Just as the Oklahoma heat set in a few weeks back, I noticed the potato bugs were attacking my garden in full force. This has certainly been a year of pestilence, and I have fought insects of all sorts on nearly every vegetable I planted this season. Despite using an all-natural product along with diatomaceous earth, the potato bugs persisted, and finally the plants began to yellow and the stalks laid over. Higher temperatures in the 90’s and 100’s expedited the process. The fight was over – It was time to throw in the towel and dig up the crop.
This year, I put in four different types of seed potatoes. After last year’s failures, I vowed not to plant either the Red LaSoda or the Yukon Gold again. The Red LaSoda had a strange taste that neither FD nor I cared for. The Yukon Gold simply had a very poor turnout. Not only was the yield itself minimal, but the tubers were small to boot. Still, I wound up letting myself get talked into trying the Yukon Gold once again after hearing a few people rave about having such good luck with them. So I gave them a whirl one more time, along with Cobblers, Red Pontiac and Kennebec’s varieties.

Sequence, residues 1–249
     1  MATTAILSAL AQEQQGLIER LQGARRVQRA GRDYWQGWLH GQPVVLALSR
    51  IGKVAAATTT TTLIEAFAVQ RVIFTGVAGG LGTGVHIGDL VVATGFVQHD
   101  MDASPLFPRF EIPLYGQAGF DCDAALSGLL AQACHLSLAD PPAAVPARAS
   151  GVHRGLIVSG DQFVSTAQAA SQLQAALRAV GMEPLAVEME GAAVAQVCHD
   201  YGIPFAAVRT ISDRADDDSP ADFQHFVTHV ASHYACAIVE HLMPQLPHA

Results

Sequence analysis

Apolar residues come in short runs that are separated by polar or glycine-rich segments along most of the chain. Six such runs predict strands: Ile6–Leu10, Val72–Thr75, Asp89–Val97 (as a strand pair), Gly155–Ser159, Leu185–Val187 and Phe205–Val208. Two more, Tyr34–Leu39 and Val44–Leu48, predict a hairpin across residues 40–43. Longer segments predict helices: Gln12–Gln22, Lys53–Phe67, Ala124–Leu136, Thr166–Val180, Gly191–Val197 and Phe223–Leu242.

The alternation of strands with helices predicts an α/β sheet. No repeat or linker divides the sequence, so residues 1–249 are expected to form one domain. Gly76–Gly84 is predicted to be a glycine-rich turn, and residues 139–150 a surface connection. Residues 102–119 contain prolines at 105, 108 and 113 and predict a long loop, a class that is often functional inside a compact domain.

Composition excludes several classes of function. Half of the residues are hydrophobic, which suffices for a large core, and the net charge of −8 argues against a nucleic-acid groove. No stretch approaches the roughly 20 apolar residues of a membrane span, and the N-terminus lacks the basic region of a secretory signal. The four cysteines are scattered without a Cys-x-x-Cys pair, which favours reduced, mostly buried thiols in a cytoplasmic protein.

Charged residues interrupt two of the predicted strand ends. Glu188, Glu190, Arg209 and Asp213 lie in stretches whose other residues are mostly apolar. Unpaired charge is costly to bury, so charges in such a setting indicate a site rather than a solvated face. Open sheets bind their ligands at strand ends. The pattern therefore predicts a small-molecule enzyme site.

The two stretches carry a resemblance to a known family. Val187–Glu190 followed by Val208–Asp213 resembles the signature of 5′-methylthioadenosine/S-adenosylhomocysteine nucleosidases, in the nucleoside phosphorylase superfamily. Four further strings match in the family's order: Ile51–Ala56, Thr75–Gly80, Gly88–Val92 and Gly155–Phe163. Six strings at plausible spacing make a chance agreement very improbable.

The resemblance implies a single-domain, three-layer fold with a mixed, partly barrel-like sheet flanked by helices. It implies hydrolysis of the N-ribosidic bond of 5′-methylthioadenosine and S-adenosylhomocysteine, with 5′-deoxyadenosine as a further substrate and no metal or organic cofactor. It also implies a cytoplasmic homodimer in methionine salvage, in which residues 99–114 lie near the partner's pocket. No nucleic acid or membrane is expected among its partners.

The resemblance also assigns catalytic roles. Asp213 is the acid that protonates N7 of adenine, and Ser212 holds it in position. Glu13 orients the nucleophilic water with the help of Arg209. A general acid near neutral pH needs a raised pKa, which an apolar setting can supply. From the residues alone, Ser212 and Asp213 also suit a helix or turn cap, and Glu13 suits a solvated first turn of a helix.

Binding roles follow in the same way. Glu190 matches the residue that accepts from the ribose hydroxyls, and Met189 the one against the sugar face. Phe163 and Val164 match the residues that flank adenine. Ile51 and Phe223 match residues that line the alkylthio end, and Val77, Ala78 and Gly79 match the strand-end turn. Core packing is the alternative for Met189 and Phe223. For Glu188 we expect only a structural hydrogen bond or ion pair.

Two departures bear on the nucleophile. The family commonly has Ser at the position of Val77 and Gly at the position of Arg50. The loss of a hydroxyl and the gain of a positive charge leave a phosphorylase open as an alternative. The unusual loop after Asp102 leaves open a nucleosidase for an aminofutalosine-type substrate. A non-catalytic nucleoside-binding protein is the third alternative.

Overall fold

Kennebec’s had always been a good producer for my Mom. She planted a huge garden every year. I’m not sure it was something she necessarily enjoyed, but she definitely had the old “green thumb” and was quite good at it. Each year, her labor in the garden helped supplement food stores for our family of seven people.
Mom always enlisted the help of my brother, three sisters, and I to do the planting and weeding. I never much cared for that kind of work, as I was more the domestic type; my niche was cleaning house, helping out in the kitchen and watching my baby sister (I was twelve when she was born). But I was required to put in my time in the garden too and, for that very reason, I refused to plant a garden for many years after I left home. It just did not interest me in the least!